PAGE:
July 14, 1998

go!After the Cold War passed into history, the Russian government encouraged the war industry to look for commercial opportunities. Tank factories would make automobile parts, warships would become cruise boats, and soon all the unneeded military output would be set to productive use. The Russian leadership named the project "Conversion," and funded thirteen departments. Soon there was a fourteenth. Conversion catalogue (cover) Conversion catalogue (cover)

"Artists have to eat too," observed Marat Guelman. So he convinced the government to send artists into old factories and rotting ships, and he exhibited the recycled materials.
Guelman plus Warhol print
Guelman plus Warhol print
MARAT GUELMAN is the entrepreneurial leader of avant-garde art in Russia. His Guelman gallery represents most major contemporary Russian artists, and he publishes the literary magazine Pushkin.
His architectural group is the lead designer of an ambitious reconstruction. The plan has the block-size national landmark, Gostiny Dvor, stocked with many sculptures.
Russian has no word for "sculpture," Guelman notes, only "monument." He envisions twenty thousand people coming to Gostiny Dvor everyday, and there they'll learn the meaning of sculpture.

As a prominent contemporary art figure, Guelman is the focus of attack by Russian traditionalists.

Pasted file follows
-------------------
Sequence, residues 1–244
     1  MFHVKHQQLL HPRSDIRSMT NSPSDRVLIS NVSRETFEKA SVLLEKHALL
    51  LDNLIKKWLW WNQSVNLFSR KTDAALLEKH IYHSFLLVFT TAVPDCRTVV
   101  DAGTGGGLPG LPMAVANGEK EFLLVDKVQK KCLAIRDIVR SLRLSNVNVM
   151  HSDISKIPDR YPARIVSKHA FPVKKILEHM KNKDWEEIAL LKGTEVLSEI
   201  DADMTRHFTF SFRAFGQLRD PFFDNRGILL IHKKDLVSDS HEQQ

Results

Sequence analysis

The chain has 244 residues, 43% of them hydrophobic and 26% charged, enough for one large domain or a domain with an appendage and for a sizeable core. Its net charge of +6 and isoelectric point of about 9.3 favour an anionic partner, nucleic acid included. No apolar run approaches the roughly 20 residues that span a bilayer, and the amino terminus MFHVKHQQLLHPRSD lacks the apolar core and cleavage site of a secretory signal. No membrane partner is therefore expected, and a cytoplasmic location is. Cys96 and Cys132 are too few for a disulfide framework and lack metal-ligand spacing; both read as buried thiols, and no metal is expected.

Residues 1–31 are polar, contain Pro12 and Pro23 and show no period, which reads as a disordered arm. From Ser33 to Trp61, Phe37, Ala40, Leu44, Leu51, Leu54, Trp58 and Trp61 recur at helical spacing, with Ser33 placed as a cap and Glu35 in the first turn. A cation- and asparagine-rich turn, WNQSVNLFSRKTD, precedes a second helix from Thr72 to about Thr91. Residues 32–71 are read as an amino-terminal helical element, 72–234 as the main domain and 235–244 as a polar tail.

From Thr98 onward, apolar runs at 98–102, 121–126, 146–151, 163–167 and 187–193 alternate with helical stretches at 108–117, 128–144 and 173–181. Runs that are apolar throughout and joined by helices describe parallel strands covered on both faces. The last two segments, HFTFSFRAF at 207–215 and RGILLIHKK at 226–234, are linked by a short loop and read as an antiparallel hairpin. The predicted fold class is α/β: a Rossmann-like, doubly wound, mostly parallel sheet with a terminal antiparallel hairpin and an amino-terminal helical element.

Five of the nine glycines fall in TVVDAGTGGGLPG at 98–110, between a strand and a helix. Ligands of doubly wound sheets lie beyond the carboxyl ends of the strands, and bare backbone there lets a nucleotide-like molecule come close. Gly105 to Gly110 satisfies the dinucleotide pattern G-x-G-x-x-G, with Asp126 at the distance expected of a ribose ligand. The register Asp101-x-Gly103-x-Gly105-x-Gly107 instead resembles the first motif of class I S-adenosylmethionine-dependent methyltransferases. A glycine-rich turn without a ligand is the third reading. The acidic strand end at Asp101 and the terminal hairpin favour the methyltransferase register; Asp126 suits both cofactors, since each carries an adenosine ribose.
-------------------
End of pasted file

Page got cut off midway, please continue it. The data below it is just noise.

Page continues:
Not all the artists involved in the exhibit Conversion beat swords into sculptures. In the video Conversion, GIA RIGVAVA dons a nimbus and assures viewers that his conversion is authentic--"You can have faith in me," he repeatedly intones. Rigvava adorned with saintly nimbus
Rigvava adorned with saintly nimbus
realplayer of Video Conversion
(0:25 min. RealVideo clip)
Rigvava spends much of his time away from Russia. At a recent exhibition in Germany, he showed Still (black & white) and Still (pink). The black and white video signals, "Russia is dangerous still;" the pink video soothes, "Russia is lovable still." To get the message, knowledge of Morse code is helpful.

realplayer of Still (pink) Still (pink)
(0:15 min. RealVideo)

realplayer of Still (black & white) Still (black & white)
(0:18 min. RealVideo)

Still from
Still from Bruner'$ Trial

Last year an art terrorist struck Amsterdam's Stedelijk Museum. Russian artist Alexander Brenner carried a concealed aerosol can into the museum, and sprayed a dollar sign on Malevich's White Cross. He served six months in a Dutch prison.
His story is the basis for the video Bruner'$ Trial. realplayer of Video Video Bruner'$ Trial
(1:41 min. RealVideo clip)

In the video clip, Malevich's painting is auctioned off at "Sourbee's."

Videomakers Dmitry Troitsky and Olga Stolpovskaya, and Cine Fantom colleagues Stepan Lukianov and Valery Patkonen.
Dmitry Troitsky, Olga Stolpovskaya, Stepan Lukianov, and

Valery Patkonen
Icons Icons Cross and $$ and Icons The video is the centerpiece of the exhibition Bruner'$ Trial at TV Gallery. The show includes paintings of a spray can and a version of Malevich's White Cross. As might be expected, a local art terrorist added a copycat dollar sign to the White Cross.
The TV Gallery is the only Moscow exhibition space devoted to media art. Nina Zaretzkaya directs the gallery, assisted by Alexandra Gordina.
Nina Zaretzkaya
Alexandra Gordina
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©1998 The Museum of Modern Art, New York